FBI Seizures and Forfeitures
In many civil asset forfeiture cases, U.S. currency or other property might be seized by agents with the FBI and then subjected to a forfeiture proceeding. The FBI can initiate the forfeiture proceeding even though no arrest was ever made.
After the Federal Bureau of Investigation (FBI) seizes money or other assets, the FBI is required to give notice that the property was seized for federal forfeiture because of a specific violation of federal law. The laws and procedures applicable to the forfeiture process are found at 19 U.S.C. Sections 1602 – 1619, 18 U.S.C. Section 983, and 28 C.F.R. Parts 8 and 9.
Although the notice might encourage you to file a petition for remission or mitigation to make an offer in compromise, the better course of action is to hire an attorney to file a “claim for court action” that might force the immediate return of the property being held by the FBI.
The government will only consider granting petitions for remission or mitigation, under limited circumstances to pardon all or part of the property from the forfeiture. Many claims for remission or mitigation are denied with a form letter. Instead, hire an attorney to file a claim for court or judicial action to be heard in the U.S. District Court. Your attorney can explain your interest in the property.
Filing the claim focused the FBI to turn the matter over to the U.S. Attorney’s Office. Then the Assistant United States Attorney has to file an action in federal court within 90 days or return the property.
Attorney for Filing a Claim after an FBI Seizure
You can hire an attorney to contest the forfeiture of the property seized by the FBI. The claim can be filed immediately after the seizure or within the time period written listed in your notice letter.
In some cases, the claim can be filed in the U.S. District Court within 30 days after the date of the final publication of the notice of seizure.
In the claim, your attorney will describe the seized property, and state your ownership or other interest in the property. The claim must be made under oath that is subject to the penalty of perjury or other meets the requirements of an unsworn statement under penalty of perjury as provided in 18 U.S.C. Section 983(a)(2)(C) and 28 U.S.C. Section 1746.
Your attorney can help you file the proper claim and request the release of the seized property during the pendency of forfeiture proceedings due to hardship if the claimant is able to meet specific conditions explained in 18 U.S.C. Section 983(f).
Requirements of a Claim for Property Seized by the FBI
The claimant must establish the following:
- the possessory interest in the property;
- the claimant’s sufficient ties to the community to assure that the property will be available at the time of trial; and
- a showing that the government’s continued possession will cause substantial hardship to the claimant.
The hardship provisions are found in 18 U.S.C. Section 983(f) and 28 C.F.R. Section 8.15. Some types of assets are not eligible for hardship release.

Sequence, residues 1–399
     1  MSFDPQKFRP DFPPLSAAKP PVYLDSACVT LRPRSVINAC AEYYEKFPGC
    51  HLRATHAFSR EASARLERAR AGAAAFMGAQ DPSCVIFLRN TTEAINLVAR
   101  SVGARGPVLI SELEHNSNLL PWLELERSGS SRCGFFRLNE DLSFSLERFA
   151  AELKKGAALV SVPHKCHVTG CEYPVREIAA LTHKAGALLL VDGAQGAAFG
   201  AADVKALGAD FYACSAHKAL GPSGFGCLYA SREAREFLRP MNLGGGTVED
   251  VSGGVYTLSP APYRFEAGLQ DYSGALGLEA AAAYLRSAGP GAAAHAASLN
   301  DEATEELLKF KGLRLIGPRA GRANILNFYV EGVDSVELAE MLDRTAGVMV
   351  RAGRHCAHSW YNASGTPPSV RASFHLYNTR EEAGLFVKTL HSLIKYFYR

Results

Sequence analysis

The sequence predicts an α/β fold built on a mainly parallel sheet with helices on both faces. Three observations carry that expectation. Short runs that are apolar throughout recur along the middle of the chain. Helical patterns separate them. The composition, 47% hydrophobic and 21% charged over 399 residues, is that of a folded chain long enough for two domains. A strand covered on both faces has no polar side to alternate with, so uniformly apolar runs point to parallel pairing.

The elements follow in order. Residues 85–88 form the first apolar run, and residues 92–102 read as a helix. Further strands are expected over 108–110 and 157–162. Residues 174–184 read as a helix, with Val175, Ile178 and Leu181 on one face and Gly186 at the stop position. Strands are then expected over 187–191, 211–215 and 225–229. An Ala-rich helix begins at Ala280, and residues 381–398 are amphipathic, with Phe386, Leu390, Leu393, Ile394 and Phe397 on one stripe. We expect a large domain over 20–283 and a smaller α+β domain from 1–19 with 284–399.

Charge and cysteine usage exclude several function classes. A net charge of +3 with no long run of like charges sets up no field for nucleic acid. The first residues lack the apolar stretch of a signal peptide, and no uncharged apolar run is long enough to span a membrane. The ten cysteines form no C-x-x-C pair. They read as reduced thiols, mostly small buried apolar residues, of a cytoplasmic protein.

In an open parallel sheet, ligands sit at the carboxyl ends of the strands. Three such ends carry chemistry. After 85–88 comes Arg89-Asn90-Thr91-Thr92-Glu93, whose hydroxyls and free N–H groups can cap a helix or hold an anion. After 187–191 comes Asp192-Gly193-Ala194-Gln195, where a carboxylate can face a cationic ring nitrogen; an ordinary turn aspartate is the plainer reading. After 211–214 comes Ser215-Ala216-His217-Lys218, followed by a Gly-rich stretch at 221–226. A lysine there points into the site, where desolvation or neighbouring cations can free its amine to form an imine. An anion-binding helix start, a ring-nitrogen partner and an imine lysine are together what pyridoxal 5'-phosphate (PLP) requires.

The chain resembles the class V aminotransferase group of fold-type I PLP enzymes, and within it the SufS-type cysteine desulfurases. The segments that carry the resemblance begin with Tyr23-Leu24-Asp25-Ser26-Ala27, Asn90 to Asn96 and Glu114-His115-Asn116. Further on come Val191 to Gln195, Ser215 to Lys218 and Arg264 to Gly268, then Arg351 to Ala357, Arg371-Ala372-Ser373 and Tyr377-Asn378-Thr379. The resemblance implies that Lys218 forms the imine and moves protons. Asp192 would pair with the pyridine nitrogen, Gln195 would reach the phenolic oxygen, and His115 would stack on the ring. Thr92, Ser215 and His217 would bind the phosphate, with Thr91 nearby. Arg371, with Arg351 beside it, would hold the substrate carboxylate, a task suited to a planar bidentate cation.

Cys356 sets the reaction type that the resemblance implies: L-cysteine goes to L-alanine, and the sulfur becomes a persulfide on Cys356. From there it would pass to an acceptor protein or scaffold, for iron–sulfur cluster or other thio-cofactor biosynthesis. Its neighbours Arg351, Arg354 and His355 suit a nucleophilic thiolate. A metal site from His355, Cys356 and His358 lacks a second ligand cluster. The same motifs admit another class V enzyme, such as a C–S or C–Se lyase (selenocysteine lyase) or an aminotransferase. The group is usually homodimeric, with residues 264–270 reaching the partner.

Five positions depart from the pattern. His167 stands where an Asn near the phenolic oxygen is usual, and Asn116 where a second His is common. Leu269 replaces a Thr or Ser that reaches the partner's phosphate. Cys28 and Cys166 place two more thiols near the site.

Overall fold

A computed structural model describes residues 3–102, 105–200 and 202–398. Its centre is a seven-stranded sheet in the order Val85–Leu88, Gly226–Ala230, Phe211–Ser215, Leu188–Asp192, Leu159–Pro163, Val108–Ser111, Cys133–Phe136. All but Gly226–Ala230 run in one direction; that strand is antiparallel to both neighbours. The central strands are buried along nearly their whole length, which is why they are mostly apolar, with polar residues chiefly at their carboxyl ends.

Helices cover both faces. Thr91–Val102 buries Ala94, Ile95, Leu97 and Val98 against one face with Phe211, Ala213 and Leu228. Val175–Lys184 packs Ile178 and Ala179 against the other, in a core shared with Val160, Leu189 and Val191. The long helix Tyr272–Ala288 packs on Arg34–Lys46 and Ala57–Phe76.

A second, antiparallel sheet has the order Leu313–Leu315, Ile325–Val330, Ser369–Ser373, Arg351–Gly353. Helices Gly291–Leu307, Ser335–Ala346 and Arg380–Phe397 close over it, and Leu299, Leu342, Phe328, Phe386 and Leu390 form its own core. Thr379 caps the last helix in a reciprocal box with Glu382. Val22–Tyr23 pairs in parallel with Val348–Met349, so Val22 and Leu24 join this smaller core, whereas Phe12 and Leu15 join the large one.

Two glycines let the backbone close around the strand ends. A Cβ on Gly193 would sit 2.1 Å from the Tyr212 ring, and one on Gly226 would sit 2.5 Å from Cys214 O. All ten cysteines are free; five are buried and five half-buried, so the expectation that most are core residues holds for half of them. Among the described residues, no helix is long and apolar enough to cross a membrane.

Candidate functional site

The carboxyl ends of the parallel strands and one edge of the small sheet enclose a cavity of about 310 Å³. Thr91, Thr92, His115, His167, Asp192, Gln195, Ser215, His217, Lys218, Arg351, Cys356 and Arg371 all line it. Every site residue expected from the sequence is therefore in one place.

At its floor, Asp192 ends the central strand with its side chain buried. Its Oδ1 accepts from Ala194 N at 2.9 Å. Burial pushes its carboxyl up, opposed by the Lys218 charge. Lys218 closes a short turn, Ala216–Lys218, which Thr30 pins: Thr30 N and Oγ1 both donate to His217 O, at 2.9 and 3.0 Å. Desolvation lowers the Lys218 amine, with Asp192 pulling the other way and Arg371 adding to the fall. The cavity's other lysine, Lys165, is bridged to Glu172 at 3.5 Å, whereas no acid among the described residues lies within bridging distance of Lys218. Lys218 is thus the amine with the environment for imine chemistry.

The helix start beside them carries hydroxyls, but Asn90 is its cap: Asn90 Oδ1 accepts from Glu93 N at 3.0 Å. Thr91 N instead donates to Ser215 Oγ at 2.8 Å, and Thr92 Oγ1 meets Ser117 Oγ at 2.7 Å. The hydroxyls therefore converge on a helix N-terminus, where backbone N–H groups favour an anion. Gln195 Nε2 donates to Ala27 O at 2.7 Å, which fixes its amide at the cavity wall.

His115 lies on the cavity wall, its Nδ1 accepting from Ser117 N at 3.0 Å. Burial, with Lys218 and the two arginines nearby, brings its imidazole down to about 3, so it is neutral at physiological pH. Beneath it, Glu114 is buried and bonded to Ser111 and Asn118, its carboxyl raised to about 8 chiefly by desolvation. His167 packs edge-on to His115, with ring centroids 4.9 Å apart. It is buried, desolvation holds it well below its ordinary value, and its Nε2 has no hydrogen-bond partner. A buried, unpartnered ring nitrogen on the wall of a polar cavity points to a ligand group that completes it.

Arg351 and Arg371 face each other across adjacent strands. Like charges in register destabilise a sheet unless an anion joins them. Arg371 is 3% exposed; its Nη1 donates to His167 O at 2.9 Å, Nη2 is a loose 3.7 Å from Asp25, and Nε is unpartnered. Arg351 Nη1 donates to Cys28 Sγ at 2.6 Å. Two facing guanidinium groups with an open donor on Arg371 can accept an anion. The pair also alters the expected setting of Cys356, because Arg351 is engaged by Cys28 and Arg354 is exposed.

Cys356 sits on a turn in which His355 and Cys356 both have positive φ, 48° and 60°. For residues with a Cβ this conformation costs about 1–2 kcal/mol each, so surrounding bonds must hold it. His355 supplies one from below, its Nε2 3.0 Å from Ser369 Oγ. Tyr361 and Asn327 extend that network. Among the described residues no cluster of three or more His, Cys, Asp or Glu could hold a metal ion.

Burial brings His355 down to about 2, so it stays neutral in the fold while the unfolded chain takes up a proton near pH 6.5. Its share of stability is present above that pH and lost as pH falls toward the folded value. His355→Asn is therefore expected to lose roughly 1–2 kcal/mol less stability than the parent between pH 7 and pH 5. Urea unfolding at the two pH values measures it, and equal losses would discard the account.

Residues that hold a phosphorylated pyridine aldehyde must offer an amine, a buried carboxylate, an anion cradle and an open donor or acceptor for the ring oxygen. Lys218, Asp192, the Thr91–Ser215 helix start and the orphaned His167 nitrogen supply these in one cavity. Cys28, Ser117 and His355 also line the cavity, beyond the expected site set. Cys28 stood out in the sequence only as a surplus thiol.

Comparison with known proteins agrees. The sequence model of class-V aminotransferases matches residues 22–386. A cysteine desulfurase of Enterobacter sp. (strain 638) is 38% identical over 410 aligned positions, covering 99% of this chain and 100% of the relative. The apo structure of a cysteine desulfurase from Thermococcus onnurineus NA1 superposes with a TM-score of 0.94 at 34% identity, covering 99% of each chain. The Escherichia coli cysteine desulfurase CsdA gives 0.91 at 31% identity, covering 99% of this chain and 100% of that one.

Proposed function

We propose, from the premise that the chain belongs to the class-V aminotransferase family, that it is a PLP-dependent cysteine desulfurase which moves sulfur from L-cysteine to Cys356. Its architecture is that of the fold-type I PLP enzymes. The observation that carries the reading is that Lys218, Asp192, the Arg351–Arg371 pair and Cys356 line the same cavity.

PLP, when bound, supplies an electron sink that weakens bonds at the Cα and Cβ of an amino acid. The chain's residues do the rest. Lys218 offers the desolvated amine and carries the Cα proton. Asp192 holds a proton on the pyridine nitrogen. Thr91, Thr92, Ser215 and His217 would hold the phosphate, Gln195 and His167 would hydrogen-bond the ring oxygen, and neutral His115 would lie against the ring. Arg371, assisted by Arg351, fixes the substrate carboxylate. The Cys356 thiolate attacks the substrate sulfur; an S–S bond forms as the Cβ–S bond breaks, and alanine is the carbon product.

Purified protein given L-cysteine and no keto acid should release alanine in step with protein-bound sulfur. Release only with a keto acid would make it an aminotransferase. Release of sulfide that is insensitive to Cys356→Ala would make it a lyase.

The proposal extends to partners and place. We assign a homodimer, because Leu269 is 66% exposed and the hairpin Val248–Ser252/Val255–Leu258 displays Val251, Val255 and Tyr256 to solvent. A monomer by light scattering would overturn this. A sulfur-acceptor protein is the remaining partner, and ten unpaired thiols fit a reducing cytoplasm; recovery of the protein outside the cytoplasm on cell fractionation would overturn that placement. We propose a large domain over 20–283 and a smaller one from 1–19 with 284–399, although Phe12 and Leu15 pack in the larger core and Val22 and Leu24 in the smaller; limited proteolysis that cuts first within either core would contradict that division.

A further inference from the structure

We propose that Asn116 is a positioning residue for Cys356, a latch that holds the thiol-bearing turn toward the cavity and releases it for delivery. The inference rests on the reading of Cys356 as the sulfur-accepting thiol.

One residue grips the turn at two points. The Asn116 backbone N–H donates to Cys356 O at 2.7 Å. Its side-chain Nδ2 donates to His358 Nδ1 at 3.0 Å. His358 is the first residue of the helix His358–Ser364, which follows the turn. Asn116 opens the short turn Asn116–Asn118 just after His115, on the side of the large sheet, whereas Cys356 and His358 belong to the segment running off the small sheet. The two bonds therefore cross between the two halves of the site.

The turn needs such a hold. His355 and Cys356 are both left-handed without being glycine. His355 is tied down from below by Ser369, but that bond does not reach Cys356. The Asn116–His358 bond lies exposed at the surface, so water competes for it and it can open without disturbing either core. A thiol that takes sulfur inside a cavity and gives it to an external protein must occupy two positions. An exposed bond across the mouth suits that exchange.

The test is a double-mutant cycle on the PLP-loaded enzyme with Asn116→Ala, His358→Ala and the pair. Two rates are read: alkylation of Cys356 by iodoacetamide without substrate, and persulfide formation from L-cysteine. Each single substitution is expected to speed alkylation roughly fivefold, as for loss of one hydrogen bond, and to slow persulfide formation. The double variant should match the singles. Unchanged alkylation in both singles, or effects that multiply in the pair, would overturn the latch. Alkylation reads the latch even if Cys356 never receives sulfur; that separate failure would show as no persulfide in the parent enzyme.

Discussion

The documents must be submitted to the nearest FBI Field Office, Attention: Forfeiture Paralegal Specialist. FBI locations and telephone numbers can be found at www.fbi.gov. The submitting documentation should reference the Asset ID Number, if known.
The FBI’s Forfeiture Paralegal Specialist evaluations the forfeiture cases and helps prepare it for litigation. During the evaluation, the Forfeiture Paralegal Specialist will determine the identity of any person requiring legal notice by obtaining documents, records, or testimony.
The Forfeiture Paralegal Specialist prepares legal notices for publication and performs administrative activities associated with the seizure, storage, and disposal of both forfeitable and abandoned property. The Forfeiture Paralegal Specialist also maintains contact with attorneys representing petitioners and defendants. When the money or property is returned to the petitioner, the Forfeiture Paralegal Specialist for the FBI prepares the closing paperwork.
FBI Legal Notices for Abandoned Property – The FBI publishes a list of legal notices concerning all abandoned or unclaimed property in the custody of the FBI. The description of the property shows its location and the FBI office that has custody of the property. An attorney can help you file a claim for the property pursuant to Title 41, Code of Federal Regulations, Section 128-48. When submitting documentation, please reference the Asset ID Number. Submit all documents to the nearest FBI Field Office, Attention: Forfeiture Paralegal Specialist. The FBI locations and telephone numbers can be found at www.fbi.gov. The deadline to file the claim is 30 days from the date the property was first published in this notice. If a claim is not filed within that time period, then the title to the property will vest in the United States.
FBI on Asset Forfeiture – Visit the website of the FBI to find the answers to frequently asked questions including: What is asset forfeiture? Why does the FBI use asset forfeiture? What types of property is most often subject to forfeiture? What is the difference between administrative forfeiture and civil judicial forfeiture? Learn more about case in which no arrest or conviction occurs, but the civil judicial forfeiture referred to as an in rem (against the property) action. In civil judicial forfeiture for property seized by an FBI agent, an individual has the right to contest the seizure through trial proceedings. Find several examples of forfeiture actions and how they proceeded through the system.
This article was last updated on Tuesday, October 13, 2020.